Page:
TV’s best can feel ignored

Awards season inevitably focuses on film world

Here’s a riddle: Who can receive a lot of nominations during awards season but still feel ignored?

Answer: The season’s TV contenders.

People equate “awards season” with film awards. But, in fact, there are many kudos for TV work, from the DGA, Writers Guild, Golden Globes and AFI, to name a few — but these categories are usually relegated to “also nominated” status in conversations and media coverage.

Personally, I think some of this year’s most interesting nominees could be in the TV categories, especially because there are so many new shows that are interesting. “Glee,” “The Good Wife,” “Modern Family,” “FlashForward,” “Hung,” “White Collar,” “Men of a Certain Age,” “Nurse Jackie,” “Community,” “V,” etc., etc., could join the reliables like “Mad Men,” “True Blood,” “30 Rock,” “House,” “Californication,” “Dexter,” “Breaking Bad,” “Lost,” “United States of Tara,” “Big Love,” “Entourage,” et al.

These awards are the first since the new TV season began, so it’s an opportunity to start recognizing newcomers. The Globes, for example, have saluted shows like “Desperate Housewives,” “Lost,” and “The X-Files” long before the TV Academy did.

On the other hand, the Producers Guild Awards’ TV nominees, unveiled Nov. 30, offered no big surprises. The PGA generally bypassed newbies and saluted plenty of shows that had received Emmy attention several months earlier.

And that’s the first reason the TV biz gets so little respect: timing. The awards season culminates with Oscar and is thus by definition film-skewed. Every win from every film critics group is proclaimed as a bellwether or a game-changer for the Big Prize. But rarely does a TV win in the December-February season portend an Emmy, as those awards occur seven months later.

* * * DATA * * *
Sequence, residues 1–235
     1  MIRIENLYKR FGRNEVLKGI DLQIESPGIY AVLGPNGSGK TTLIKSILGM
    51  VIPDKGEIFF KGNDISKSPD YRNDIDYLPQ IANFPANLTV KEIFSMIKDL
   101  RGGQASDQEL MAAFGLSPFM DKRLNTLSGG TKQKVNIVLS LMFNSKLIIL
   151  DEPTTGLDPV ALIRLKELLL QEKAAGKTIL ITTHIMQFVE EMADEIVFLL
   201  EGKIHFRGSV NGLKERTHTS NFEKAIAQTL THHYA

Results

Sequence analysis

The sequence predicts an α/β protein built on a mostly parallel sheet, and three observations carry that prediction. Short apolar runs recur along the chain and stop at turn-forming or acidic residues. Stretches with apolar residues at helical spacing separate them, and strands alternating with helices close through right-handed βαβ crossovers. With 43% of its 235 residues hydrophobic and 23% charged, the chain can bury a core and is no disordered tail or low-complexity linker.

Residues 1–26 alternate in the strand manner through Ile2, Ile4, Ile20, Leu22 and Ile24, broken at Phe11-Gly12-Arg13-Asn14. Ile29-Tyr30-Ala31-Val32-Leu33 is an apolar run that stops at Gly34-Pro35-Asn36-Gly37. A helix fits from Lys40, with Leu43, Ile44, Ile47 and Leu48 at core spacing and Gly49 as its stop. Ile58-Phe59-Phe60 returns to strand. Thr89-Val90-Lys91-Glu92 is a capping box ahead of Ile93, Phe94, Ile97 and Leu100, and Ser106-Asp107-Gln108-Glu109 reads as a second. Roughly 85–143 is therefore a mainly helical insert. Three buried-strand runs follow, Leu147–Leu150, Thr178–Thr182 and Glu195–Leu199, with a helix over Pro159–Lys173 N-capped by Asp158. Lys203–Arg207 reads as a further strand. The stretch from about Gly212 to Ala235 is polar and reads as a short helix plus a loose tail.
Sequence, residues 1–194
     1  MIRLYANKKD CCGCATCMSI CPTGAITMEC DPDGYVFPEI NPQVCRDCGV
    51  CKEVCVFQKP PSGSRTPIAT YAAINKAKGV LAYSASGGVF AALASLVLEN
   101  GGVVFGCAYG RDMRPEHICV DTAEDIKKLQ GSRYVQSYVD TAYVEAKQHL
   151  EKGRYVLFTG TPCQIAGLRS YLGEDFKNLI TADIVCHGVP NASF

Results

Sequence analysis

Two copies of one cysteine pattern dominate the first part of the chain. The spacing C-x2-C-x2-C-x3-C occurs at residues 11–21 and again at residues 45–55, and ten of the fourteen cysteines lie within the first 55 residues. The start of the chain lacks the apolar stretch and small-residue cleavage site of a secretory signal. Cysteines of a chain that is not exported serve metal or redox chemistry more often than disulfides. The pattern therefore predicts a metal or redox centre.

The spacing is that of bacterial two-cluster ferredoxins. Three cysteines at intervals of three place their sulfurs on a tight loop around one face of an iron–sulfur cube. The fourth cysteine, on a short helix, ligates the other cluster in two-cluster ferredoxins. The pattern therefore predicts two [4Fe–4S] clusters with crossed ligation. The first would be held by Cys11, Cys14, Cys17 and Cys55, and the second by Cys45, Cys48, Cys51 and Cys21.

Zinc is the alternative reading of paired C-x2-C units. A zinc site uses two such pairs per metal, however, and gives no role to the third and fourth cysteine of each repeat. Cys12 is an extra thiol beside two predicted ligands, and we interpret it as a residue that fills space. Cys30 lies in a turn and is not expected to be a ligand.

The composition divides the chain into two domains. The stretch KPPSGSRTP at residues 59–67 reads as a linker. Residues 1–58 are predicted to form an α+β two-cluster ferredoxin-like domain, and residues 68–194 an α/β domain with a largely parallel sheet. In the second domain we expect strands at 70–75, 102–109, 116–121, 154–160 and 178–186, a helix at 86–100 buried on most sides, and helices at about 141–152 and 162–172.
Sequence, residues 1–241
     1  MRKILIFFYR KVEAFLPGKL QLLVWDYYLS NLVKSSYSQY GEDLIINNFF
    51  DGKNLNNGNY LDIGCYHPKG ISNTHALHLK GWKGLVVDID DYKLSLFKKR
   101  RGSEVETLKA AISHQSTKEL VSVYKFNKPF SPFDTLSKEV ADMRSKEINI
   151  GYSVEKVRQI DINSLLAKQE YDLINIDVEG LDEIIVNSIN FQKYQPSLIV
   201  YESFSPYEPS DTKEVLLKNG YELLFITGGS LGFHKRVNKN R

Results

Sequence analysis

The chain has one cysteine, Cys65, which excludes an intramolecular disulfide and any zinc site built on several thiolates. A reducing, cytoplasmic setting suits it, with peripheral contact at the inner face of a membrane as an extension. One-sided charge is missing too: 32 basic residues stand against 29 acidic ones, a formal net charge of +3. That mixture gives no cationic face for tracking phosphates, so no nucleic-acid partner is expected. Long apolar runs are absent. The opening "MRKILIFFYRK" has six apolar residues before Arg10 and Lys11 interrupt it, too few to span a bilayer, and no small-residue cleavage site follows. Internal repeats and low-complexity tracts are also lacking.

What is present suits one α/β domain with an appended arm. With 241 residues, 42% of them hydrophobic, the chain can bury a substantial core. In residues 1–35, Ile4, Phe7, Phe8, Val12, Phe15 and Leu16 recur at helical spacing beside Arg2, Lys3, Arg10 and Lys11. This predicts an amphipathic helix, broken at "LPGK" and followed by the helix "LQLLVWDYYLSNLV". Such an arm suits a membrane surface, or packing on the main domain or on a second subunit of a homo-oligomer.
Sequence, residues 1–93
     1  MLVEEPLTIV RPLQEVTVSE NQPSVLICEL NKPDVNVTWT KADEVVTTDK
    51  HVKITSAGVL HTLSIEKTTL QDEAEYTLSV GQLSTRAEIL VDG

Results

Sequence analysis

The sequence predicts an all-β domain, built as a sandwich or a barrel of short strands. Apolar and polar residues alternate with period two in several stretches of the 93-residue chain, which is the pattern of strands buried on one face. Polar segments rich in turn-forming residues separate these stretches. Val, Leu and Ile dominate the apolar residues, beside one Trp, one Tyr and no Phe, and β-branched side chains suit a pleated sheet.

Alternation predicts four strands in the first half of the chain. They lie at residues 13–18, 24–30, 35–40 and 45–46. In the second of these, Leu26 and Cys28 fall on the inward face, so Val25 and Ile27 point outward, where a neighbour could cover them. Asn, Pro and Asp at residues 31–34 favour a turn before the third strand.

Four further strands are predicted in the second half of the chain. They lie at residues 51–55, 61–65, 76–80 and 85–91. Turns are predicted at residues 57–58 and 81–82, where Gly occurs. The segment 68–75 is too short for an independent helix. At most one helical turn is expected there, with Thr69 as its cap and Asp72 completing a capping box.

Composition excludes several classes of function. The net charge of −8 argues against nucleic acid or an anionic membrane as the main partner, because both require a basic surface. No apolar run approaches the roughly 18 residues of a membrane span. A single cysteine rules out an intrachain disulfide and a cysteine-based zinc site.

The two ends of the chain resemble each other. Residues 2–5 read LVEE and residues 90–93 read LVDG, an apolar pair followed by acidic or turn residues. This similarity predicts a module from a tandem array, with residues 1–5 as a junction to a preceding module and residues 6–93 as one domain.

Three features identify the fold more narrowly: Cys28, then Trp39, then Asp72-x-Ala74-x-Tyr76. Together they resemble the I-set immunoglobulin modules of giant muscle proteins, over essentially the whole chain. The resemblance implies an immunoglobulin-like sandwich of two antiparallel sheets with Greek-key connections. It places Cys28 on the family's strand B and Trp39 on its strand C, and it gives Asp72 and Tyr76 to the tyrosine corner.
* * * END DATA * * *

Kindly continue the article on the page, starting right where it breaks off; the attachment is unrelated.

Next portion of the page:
The second reason for TV’s second-class status during awards season is the lack of TV buzz. A lot of “prestige” movies open at the end of the year and garner mucho media coverage. But by this point, several months after the beginning of the season, TV fare is old news. Plus, there aren’t many Hollywood events thrown for TV. For example, the networks and production companies schedule press meets with the Globes at the start of the TV season, hoping HFPA members will write about these shows for their overseas readers. So the TV party circuit is pretty much over by October.

The third factor is the psychological one. Everybody likes his ego stroked, but the stakes are a little higher in the film world. When someone is an Oscar contender, he or she is aware that this chance doesn’t come along often (unless she’s Meryl Streep). But TV folks who are in a hit show can pretty much assume “If I don’t win this time, there’s always next year.” There is much less urgency.

The fourth factor is one that’s always a major consideration in Hollywood: economics. An Oscar win can translate into big bucks at the box office and be a selling tool for the entire afterlife of a film. Some film workers have riders in their contracts that ensure a bonus if they land Oscar attention. Few, if any, such riders exist in the contracts of TV workers for awards presented in the next few months. While a TV win is a big ego boost, and may increase salary demands of the winner, it doesn’t translate into ad dollars or additional viewers for a show.

So, all of you TV freshman, good luck. We’re thinking of you — even if we’re not talking about you.

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